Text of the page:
Some victims have no choice other than to pay the ransom or lose their data. This is an unfortunate situation, because even if the ransom is a small amount, there are a number of problems with this course of action:

Criminals know you are willing to pay a ransom and are more likely to target you again
There is no way to know that the criminals will or can decrypt your data
Decryption might not work properly and you may lose data anyway
Law enforcement agencies and other authorities discourage rewarding the criminal by paying the ransom

You can leave your data decryption and recovery up to chance, or deploy a comprehensive strategy before the attack.
Data Protection and Recovery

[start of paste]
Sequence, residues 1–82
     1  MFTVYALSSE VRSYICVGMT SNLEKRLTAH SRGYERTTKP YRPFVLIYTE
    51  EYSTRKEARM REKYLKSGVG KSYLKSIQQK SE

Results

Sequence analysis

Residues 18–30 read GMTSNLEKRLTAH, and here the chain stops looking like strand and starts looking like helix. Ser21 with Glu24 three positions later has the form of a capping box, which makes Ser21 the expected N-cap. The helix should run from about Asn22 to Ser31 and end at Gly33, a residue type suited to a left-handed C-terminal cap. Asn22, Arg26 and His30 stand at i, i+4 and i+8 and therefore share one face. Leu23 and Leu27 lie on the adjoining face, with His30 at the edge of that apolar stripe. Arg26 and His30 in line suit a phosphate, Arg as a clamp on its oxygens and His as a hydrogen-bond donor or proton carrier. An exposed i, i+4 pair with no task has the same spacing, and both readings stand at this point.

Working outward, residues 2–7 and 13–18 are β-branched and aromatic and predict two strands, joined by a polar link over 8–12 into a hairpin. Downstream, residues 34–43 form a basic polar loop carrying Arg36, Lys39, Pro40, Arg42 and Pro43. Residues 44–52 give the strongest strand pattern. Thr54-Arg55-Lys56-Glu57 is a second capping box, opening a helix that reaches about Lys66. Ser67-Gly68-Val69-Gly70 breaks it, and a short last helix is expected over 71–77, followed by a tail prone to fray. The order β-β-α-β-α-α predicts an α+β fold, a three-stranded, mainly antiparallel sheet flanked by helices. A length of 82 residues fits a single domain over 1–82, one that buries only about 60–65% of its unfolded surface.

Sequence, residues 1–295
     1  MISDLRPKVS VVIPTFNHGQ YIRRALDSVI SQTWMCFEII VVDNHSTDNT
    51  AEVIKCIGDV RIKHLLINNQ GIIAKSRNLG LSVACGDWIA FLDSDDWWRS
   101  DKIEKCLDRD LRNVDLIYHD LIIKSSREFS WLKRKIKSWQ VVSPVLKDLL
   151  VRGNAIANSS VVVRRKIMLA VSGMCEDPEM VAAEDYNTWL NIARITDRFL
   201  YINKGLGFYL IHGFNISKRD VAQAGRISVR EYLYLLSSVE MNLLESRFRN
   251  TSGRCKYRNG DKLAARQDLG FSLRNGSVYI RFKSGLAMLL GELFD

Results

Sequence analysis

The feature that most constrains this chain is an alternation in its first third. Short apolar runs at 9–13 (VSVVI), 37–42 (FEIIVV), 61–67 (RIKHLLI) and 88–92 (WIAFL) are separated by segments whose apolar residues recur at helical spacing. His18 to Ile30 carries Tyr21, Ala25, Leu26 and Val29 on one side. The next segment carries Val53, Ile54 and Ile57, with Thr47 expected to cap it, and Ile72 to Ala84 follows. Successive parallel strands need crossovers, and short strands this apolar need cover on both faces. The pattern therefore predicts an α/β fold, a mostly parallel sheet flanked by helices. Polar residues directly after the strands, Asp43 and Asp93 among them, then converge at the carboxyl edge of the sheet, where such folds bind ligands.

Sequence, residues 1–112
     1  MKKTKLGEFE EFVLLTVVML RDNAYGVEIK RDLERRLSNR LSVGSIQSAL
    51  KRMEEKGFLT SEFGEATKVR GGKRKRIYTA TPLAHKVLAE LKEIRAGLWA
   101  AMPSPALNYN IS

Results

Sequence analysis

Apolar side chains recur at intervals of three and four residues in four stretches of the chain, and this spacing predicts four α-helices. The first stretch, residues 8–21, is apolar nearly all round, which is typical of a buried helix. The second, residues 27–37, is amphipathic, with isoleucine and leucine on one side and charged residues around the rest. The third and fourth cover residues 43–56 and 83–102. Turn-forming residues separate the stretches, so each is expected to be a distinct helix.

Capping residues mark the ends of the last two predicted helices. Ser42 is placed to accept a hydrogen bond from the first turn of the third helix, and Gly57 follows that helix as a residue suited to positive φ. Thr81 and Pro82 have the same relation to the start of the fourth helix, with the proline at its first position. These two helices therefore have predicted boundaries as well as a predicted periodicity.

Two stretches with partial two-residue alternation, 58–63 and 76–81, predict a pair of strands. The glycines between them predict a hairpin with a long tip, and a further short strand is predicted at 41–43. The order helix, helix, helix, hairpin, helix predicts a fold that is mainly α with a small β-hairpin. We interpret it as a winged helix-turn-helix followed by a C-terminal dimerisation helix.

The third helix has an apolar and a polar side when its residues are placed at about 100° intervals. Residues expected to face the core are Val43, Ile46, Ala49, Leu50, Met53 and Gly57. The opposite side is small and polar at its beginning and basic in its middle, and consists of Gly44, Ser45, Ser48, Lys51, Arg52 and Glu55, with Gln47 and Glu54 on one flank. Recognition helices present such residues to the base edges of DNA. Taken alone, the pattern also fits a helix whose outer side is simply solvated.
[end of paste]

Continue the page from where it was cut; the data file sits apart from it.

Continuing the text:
There are a number of definitions for “data protection,” but the common theme is that it requires more than running a backup. Proper data protection is included in the security planning: it includes business continuity and disaster recovery planning, as well as the many security practices involved in preventing unauthorized access. The Barracuda survey focused on data recovery, which is ultimately what system administrators are trying to provide for their companies. Comprehensive data recovery involves data availability and data accessibility at all times.
Availability vs Accessibility

Let’s start with a quick overview of what these are. When we talk about the availability of a data backup, we’re talking about the data that is stored as a backup. In the case of a tape-based or a disk-based system, the data that is backed-up is available on the tape or on the disk.